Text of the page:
COLUMBIA — South Carolina's growing rooftop solar industry scored a major victory Thursday, winning key approval for a bill they say will increase the emphasis on renewable energy and save thousands of jobs.
Lawmakers in the House of Representatives passed legislation eliminating caps on residential solar power in the state. The measure extends incentives that advocates say make rooftop panels an affordable prospect for homeowners in a state that's faced soaring electricity rates.
The 64-33 vote concluded a months-long feud over the future of rooftop solar power and shifted the issue to the Senate where the battle is expected to be no less contentious.
Installers fear that failing to lift a cap on the credits homeowners get for using rooftop solar panels would risk thousands of new jobs that have come to the the state in recent years.
The program, known as "net metering," allows homeowners with solar panels to sell excess energy back to the utilities at the same rate they pay for power.
Utilities contend ratepayers are being forced to subsidize an industry that has already gotten off the ground and mostly benefits wealthy residents.
To undercut that argument, solar proponents changed their bill to prevent the utilities from raising customer rates to pay for the subsidy, instead forcing the companies to eat the costs.
According to regulatory filings, that solar cost in 2017 was $4.4 million for South Carolina Electric & Gas and $1.2 million for Duke Energy.
Lingering anger over the state's $9 billion nuclear debacle helped push the measure over the edge, as solar advocates repeatedly pointed out that those lawmakers trying to subvert the effort were the same legislators who pushed the 2007 law that shifted construction risks onto ratepayers.
"I've been here for 13 years, and a lot of the times the little guy doesn't win," state Rep. Nathan Ballentine, R-Chapin, said.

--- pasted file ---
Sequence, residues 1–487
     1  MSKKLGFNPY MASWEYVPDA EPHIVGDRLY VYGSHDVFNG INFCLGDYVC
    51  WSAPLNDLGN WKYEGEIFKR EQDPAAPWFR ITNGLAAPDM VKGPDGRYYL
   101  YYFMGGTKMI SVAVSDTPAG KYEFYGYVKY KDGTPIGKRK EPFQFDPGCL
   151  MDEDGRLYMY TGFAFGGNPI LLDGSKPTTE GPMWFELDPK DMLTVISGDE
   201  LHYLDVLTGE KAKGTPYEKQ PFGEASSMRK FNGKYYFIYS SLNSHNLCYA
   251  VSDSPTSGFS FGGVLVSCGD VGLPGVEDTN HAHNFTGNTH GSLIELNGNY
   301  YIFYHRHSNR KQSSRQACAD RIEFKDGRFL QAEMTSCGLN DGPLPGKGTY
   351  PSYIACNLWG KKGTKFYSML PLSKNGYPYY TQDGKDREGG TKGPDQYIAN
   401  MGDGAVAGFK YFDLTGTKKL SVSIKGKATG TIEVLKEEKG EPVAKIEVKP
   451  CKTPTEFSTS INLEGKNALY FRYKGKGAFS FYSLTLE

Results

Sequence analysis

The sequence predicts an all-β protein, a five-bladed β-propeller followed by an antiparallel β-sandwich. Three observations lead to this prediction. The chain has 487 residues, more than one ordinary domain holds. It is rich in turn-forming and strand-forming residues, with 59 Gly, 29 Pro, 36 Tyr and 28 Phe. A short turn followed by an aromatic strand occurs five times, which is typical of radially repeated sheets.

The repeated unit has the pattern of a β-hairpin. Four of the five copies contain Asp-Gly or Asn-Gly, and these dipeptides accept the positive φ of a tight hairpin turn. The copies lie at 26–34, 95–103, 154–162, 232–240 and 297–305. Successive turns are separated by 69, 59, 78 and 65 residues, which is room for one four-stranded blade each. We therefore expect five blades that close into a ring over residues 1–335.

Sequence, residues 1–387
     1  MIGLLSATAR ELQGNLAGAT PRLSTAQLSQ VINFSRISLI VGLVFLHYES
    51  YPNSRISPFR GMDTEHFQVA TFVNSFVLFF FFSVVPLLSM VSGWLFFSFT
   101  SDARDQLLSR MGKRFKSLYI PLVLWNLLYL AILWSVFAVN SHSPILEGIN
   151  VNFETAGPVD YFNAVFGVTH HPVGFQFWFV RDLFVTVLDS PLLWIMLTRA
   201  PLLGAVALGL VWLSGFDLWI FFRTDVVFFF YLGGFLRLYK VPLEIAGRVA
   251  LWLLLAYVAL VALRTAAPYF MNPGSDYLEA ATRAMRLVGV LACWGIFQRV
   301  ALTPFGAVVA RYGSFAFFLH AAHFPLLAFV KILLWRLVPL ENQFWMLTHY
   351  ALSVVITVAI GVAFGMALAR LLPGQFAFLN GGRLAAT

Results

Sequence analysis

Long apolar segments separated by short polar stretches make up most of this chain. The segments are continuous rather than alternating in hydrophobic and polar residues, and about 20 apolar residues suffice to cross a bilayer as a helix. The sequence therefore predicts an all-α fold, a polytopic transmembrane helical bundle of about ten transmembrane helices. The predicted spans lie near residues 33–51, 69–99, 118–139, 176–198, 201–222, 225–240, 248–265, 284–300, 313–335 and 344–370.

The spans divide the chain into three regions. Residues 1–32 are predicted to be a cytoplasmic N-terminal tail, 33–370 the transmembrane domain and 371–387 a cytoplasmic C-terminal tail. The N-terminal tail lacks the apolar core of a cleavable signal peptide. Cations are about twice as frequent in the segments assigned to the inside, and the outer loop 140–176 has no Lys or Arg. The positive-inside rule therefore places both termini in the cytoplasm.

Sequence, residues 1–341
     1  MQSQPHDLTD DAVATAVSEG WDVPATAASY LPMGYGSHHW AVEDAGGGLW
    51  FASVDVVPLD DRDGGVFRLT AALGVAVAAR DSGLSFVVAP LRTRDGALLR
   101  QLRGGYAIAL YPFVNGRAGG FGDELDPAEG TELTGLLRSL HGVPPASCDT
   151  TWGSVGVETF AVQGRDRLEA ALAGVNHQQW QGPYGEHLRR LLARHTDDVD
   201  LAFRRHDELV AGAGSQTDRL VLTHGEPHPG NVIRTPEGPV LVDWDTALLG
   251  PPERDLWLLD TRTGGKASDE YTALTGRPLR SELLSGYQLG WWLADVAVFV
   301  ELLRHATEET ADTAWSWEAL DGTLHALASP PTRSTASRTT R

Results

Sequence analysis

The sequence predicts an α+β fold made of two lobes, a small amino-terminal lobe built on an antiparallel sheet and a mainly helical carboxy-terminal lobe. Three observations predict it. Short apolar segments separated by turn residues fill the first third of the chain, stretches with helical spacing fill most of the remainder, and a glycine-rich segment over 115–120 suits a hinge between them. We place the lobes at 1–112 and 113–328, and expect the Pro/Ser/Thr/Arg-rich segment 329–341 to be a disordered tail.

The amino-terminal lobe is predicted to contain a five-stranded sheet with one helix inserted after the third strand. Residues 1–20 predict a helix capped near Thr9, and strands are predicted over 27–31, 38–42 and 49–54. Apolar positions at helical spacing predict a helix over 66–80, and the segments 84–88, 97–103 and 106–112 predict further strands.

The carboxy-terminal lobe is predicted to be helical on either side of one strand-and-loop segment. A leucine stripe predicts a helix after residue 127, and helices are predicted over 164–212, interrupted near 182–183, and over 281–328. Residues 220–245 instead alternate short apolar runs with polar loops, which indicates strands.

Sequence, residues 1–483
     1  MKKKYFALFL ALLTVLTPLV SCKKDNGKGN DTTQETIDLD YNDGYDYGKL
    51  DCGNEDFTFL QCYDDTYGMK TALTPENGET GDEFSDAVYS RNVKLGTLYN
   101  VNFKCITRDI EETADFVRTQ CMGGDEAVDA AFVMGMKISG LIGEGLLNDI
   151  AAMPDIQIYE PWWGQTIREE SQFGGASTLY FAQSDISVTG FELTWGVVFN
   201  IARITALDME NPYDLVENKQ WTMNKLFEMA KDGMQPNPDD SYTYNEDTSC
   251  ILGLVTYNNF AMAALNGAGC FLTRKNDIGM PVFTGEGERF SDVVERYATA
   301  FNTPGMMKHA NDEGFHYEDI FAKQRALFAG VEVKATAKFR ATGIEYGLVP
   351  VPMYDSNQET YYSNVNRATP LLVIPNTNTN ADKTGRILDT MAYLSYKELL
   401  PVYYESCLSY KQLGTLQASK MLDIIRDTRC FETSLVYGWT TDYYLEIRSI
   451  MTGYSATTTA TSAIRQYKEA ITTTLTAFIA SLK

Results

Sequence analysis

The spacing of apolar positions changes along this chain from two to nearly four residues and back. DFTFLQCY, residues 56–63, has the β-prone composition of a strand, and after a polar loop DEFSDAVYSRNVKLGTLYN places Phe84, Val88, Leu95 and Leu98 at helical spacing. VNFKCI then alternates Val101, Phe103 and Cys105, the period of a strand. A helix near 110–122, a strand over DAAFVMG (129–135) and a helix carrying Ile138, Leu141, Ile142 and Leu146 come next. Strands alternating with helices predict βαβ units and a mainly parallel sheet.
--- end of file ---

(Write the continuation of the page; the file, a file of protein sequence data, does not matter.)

"It speaks volumes that everybody is listening the constituents back home," he added. "I think we're learning lessons and it shows utilities don't rule the roost around here."
State Rep. Bill Sandifer, the Oconee Republican who introduced a separate utility-backed bill that failed, declined to comment while leaving the Statehouse.
Ryan Mosier, a spokesman for Duke Energy, said the Charlotte-based utility is disappointed in the vote.
"As was discussed throughout the debate, this bill continues to subsidize the solar industry and is bad for customers," Mosier said.
One of Duke Energy's two South Carolina subsidiaries is expected to hit the 2-percent solar cap within a few months unless it is raised or eliminated. SCE&G has forecast that its limit will be hit in early 2019.
The pro-business South Carolina Chamber of Commerce, which has wielded significant influence in the Legislature this session, sent a note to lawmakers this week saying they opposed both bills and wanted to form a study committee to reach a compromise.
But solar advocates like state Rep. James Smith, D-Columbia, panned that last-minute entreaty as an attempt to "kick the can down the road."
"We're no longer competitive in being able to attract industry because we have some of the highest (electricity) rates in the country," Smith said during an hours-long debate on the House floor. "We've got to change that. This bill will do it."